- Controlling inventory sourcing and shipment.
- Analyzing buyer behavior, sales trends, and maximum selling product.
- Real-time POS automation to speed up the sales process more efficiently.
- Inventory flexibility to manage manufacturing costs according to demand.
- Optimized warehousing for most in-demand products.
Example of a SKU number
Since SKU numbers are unique to your business, you can change them to fit your products. Typically, a retailer will customize the code to match certain product characteristics such as the brand, size, and color.
For example, if you sell orange t-shirts, your SKU numbers might be eight-digit. Here, the first two digits represent the brand name (like Nike or Adidas), the next three digits depict the product category (like t-shirt, poncho, sweater), and the next three digits encode the fit (small, medium, or large), followed by color (any color).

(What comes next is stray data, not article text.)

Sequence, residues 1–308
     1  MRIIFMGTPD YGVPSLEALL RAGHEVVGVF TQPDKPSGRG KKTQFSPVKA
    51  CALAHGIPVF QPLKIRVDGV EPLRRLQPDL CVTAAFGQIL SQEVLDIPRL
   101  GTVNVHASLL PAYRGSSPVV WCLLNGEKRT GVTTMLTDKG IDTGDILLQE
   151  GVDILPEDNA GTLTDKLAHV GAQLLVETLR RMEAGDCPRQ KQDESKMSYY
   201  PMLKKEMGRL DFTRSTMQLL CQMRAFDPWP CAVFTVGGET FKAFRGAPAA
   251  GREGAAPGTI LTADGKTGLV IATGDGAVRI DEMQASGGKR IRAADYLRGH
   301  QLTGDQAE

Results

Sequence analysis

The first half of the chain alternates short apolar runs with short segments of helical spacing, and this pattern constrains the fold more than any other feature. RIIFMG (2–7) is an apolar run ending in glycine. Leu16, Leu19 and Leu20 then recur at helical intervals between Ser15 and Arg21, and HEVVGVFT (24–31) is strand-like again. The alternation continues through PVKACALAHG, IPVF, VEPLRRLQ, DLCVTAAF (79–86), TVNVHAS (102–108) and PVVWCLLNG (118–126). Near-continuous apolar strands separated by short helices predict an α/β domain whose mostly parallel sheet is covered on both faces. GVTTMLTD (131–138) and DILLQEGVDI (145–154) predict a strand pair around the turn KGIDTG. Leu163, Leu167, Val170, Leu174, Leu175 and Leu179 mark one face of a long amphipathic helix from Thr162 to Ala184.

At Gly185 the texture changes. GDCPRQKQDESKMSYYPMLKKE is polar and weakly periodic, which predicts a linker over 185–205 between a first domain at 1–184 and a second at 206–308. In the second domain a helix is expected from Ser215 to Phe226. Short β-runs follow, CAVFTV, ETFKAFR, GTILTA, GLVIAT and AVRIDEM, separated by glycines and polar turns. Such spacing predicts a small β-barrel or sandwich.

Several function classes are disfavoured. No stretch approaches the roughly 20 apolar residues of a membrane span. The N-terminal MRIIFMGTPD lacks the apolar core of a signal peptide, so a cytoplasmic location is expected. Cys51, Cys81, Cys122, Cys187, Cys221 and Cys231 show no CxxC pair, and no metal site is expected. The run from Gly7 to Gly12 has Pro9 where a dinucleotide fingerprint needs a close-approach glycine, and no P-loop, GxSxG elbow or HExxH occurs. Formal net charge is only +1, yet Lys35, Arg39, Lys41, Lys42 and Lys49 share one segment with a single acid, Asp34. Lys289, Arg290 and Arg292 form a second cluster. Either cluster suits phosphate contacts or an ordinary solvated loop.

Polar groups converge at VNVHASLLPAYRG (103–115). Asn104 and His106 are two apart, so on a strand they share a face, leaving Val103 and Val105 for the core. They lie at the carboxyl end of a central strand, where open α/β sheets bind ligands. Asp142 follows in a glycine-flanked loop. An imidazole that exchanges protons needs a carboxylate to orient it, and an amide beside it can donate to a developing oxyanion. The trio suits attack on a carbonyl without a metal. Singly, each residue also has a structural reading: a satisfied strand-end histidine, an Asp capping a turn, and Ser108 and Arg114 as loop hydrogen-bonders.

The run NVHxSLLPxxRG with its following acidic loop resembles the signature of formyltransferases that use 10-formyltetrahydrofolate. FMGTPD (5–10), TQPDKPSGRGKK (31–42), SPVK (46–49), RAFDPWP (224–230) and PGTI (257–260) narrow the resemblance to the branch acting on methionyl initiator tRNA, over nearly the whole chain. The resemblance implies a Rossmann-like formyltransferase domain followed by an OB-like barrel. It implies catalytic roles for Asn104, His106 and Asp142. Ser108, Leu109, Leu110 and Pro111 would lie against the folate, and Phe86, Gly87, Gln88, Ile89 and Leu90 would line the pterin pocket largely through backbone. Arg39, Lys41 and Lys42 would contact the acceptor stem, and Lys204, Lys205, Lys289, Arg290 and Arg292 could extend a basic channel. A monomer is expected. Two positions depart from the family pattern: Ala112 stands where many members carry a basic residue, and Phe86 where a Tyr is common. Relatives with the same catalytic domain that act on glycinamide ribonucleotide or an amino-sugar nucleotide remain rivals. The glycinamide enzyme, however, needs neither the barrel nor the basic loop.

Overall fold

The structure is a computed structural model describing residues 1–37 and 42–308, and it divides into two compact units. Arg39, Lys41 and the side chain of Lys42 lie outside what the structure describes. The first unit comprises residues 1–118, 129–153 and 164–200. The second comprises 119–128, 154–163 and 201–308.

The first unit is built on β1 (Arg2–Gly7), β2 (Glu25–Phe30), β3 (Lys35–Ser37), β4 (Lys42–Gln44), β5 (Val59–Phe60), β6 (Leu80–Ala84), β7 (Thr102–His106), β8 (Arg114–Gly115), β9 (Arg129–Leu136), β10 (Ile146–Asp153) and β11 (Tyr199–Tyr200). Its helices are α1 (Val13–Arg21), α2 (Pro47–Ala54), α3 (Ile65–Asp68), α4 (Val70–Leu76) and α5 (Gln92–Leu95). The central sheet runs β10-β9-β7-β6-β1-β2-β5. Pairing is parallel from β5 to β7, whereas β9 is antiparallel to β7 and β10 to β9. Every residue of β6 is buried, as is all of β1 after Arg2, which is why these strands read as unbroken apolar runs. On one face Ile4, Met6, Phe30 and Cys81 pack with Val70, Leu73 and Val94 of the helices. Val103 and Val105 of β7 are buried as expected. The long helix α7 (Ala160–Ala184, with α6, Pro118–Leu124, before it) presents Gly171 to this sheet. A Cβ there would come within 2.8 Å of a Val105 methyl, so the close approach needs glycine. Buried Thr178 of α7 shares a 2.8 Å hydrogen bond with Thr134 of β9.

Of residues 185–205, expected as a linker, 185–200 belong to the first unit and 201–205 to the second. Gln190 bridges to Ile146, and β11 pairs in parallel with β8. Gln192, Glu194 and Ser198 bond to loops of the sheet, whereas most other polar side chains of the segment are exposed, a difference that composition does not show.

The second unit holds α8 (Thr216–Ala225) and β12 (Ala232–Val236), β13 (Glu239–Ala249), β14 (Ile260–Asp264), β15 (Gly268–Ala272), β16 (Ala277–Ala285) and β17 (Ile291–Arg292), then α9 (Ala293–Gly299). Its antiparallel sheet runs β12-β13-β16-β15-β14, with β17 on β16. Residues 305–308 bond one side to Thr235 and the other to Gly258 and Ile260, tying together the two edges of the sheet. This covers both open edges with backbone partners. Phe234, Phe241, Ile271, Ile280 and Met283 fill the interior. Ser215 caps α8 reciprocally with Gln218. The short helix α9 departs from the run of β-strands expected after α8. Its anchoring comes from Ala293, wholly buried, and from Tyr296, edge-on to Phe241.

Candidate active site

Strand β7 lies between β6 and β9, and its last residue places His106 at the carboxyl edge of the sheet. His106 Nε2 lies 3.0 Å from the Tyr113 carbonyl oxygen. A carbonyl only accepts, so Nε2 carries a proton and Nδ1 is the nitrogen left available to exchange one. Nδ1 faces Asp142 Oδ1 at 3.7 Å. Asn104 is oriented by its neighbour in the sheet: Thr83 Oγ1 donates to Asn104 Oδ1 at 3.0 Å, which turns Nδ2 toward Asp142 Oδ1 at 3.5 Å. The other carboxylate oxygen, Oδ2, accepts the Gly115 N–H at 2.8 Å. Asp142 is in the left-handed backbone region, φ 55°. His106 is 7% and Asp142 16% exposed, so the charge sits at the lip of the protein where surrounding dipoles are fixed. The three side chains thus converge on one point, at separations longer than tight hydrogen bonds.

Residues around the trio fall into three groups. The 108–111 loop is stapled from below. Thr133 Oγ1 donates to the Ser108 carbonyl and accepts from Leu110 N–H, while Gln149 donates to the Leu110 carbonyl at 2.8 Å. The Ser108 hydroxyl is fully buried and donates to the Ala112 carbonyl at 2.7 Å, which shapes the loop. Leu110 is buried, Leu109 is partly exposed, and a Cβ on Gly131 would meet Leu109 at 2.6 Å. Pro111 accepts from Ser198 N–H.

You can also organize products based on gender (male/female) or kid's age (0-6, 6-12, and so on).
How to create a SKU number
You can create SKU numbers and organize them manually in a spreadsheet, or consider investing in inventory management software that does all the legwork for you. If you run a retail business, you likely already own a software solution with this capability.
Pro tip: SKU numbers use imbue suppliers, store location, department, variation, item type, size, color, gender, or season with a unique two-digit alphanumeric code.
Another option is to use an online SKU generator. Many of these tools are free to use and can generate SKUs based on the characteristics you want to include in seconds.
Tips for creating a SKU number